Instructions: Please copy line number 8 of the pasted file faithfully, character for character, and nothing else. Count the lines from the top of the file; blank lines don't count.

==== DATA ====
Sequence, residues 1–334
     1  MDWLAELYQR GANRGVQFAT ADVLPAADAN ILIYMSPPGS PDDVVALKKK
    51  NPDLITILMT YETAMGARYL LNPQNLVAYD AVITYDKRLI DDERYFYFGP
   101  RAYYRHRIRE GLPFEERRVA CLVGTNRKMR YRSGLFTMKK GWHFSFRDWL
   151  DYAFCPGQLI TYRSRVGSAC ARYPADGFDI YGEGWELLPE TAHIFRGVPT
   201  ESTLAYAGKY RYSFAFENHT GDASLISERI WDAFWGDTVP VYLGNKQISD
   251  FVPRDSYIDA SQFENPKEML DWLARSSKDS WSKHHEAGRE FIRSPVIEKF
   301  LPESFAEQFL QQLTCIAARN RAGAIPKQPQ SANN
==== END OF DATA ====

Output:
   301  LPESFAEQFL QQLTCIAARN RAGAIPKQPQ SANN